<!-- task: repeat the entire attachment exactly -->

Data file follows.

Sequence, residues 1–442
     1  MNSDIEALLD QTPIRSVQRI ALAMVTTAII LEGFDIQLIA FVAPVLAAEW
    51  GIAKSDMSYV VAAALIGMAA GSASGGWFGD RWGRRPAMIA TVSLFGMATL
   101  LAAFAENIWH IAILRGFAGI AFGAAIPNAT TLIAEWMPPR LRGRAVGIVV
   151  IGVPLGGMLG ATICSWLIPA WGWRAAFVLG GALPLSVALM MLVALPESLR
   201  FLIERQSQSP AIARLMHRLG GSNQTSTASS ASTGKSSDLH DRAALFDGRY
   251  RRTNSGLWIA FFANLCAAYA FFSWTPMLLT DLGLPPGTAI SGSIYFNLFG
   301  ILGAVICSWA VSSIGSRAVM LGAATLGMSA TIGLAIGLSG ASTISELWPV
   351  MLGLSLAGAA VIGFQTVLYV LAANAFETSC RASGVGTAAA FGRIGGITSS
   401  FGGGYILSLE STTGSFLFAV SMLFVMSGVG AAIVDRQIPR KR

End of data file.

Sequence, residues 1–442
     1  MNSDIEALLD QTPIRSVQRI ALAMVTTAII LEGFDIQLIA FVAPVLAAEW
    51  GIAKSDMSYV VAAALIGMAA GSASGGWFGD RWGRRPAMIA TVSLFGMATL
   101  LAAFAENIWH IAILRGFAGI AFGAAIPNAT TLIAEWMPPR LRGRAVGIVV
   151  IGVPLGGMLG ATICSWLIPA WGWRAAFVLG GALPLSVALM MLVALPESLR
   201  FLIERQSQSP AIARLMHRLG GSNQTSTASS ASTGKSSDLH DRAALFDGRY
   251  RRTNSGLWIA FFANLCAAYA FFSWTPMLLT DLGLPPGTAI SGSIYFNLFG
   301  ILGAVICSWA VSSIGSRAVM LGAATLGMSA TIGLAIGLSG ASTISELWPV
   351  MLGLSLAGAA VIGFQTVLYV LAANAFETSC RASGVGTAAA FGRIGGITSS
   401  FGGGYILSLE STTGSFLFAV SMLFVMSGVG AAIVDRQIPR KR